Barcelona

First Spanish CC movie premieres in Spanish cinema: Interferències

Jane Park, November 18th, 2011

Today, marks the premiere of the first Spanish movie under a CC license (CC BY-NC-SA) in a Spanish cinema. Interferències, “an audiovisual and educational project launched from the Debt Observatory (ODG) and Quepo,” premieres in Barcelona at both the Alexandra and Girona cinemas. Interferències aims to educate and mobilize citizens, creating awareness of the world’s current financial and social situation. CC Spain has also covered the event, but here is the press release in English:

“The project includes a film and website regarding the causes and alternatives of the global crisis, putting names to those responsible and addressing issues of today’s debt crisis. The film comes from the need to disseminate the results of the research of a social entity; a task of dissemination that aims to create awareness of the existence of mechanisms and institutions inherent in the economic and political system in which we live, that impacts negatively on the life of billions of people. Interferències is the result of this anger and wishes to make accessible to the general public a new vision for understanding the reality around us.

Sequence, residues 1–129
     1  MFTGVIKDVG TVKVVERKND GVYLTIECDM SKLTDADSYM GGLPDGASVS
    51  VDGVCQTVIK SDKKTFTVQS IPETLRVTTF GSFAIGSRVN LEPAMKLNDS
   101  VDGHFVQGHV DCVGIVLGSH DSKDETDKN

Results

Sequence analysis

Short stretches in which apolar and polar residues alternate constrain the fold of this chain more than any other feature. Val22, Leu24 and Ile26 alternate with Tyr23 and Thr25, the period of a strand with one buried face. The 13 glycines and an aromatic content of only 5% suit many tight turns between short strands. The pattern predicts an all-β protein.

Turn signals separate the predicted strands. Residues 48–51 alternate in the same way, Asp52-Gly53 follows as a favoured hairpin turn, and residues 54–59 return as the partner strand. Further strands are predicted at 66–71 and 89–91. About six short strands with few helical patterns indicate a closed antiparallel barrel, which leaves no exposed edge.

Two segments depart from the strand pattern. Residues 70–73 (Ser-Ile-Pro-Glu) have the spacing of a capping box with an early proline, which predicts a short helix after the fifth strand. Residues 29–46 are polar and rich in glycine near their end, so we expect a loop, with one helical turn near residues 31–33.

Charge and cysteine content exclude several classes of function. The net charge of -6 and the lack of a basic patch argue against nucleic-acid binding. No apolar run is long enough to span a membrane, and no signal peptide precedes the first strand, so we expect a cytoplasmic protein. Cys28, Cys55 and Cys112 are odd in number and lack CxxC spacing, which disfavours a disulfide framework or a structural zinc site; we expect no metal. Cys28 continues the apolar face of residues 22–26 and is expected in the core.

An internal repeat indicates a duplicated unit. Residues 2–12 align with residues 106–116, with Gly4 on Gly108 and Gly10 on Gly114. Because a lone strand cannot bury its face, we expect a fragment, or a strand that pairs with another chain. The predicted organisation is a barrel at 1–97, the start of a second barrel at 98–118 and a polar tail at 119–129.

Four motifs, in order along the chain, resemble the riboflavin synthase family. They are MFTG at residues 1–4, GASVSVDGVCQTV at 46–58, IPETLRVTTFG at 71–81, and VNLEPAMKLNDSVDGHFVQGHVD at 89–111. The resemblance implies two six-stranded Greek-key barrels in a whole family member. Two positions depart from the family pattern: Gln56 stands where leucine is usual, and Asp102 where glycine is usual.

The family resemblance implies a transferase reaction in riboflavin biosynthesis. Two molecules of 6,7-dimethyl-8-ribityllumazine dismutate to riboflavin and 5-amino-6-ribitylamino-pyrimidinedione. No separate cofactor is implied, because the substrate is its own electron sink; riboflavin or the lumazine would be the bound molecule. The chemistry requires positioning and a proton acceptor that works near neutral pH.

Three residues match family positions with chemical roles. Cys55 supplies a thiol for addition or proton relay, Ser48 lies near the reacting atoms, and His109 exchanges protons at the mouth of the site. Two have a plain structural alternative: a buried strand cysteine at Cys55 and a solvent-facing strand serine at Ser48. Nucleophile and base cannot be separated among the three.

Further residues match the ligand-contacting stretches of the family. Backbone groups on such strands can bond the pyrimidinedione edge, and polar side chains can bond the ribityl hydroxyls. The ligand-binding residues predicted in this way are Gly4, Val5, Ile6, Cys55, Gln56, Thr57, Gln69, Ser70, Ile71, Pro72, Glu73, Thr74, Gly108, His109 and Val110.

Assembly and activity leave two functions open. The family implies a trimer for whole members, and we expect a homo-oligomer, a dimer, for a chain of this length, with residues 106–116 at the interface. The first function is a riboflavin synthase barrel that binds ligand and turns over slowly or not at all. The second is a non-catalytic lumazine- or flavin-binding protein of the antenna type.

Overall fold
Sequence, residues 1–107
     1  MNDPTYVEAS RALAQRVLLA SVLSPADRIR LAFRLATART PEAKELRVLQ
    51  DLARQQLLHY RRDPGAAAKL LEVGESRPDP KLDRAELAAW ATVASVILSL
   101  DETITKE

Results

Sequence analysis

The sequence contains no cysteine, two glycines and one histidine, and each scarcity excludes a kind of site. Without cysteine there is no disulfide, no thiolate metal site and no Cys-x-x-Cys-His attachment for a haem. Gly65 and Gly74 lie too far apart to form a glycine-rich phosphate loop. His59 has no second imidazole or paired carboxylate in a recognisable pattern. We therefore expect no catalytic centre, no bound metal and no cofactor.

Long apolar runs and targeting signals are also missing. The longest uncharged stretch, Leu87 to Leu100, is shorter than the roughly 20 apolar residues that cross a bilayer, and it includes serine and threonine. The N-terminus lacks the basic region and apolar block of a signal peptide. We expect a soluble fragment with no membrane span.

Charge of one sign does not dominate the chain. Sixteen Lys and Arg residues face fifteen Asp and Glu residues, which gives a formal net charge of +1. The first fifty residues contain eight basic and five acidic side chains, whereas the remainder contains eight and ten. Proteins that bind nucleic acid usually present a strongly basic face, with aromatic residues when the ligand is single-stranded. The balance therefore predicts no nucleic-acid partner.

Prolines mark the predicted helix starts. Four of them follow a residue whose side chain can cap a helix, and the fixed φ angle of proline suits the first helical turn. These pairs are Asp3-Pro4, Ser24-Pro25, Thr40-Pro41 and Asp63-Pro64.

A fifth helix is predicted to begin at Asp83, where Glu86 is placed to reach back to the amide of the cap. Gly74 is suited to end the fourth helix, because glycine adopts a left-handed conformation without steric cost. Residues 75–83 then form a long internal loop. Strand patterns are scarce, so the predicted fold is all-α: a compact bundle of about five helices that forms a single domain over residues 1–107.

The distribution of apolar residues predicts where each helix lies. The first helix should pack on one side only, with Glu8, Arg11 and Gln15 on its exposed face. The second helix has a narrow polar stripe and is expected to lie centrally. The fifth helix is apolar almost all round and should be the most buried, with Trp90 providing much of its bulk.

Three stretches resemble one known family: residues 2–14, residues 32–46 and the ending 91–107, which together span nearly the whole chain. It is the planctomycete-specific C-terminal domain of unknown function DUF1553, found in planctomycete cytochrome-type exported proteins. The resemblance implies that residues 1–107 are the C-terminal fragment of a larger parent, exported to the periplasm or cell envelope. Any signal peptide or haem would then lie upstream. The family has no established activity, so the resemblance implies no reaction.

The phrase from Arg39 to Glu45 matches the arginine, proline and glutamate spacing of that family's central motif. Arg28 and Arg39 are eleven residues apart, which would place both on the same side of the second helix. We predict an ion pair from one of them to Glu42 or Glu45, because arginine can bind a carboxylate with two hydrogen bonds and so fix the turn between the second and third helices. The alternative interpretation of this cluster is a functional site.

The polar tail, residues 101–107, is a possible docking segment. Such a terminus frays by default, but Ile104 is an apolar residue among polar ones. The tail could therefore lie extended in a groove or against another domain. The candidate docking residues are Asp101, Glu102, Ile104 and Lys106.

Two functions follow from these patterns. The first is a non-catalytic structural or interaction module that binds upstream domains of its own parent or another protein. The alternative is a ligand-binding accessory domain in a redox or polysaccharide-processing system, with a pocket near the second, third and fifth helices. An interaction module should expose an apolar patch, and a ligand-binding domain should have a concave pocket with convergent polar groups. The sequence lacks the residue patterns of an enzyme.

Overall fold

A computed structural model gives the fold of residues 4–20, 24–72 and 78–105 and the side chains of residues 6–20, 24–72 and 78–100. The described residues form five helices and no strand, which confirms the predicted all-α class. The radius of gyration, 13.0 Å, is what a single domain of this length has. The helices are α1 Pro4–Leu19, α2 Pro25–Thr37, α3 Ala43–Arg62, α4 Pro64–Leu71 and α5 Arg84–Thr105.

Interferències arises as an open and shared project from its begining: through the participation and collaboration of more than 150 film professionals, audiovisual companies, social organizations and public institutions who contributed altruistically to make it grow, to the dissemination and distribution under a Creative Commons BY-NC-SA license.

The film is just the tip of an iceberg of a 2.0 comprehensive project which includes training and formal complaint dimensions, with a huge social transformation vocation. The project’s website provides educational materials, topics, chapters and teaching proposals for individual and collective action. The aim is not leaving the users by themselves with their own reflections on the film, but giving them the opportunity to enhance and participate in campaigns and alternatives for each of the issues proposed, becoming participants of the project. The internet premiere will start with the first chapter on November, 18th, the same day it premieres in cinemas. Coinciding with its period in Verkami’s crowdfounding platform, Interferències will be debuting weekly with a new chapter until the entire movie can be viewed online on December 20.”

Watch the movie trailer in English at Vimeo, and learn more at www.interferencies.cc.

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Barcelona Events Wrap-up

Jane Park, November 9th, 2010


CC BY by mozillaeu

Since we last blogged about CC in Barcelona, we’ve been very productive. Two weeks worth of open events have yielded several talks around open educational resources (OER) search, discovery, and policy at Open Ed, recommendations and tools for greater open content reuse at the Mozilla Drumbeat Festival, and a 12 month plan for the future of the Peer 2 Peer University (P2PU).

Open Ed 2010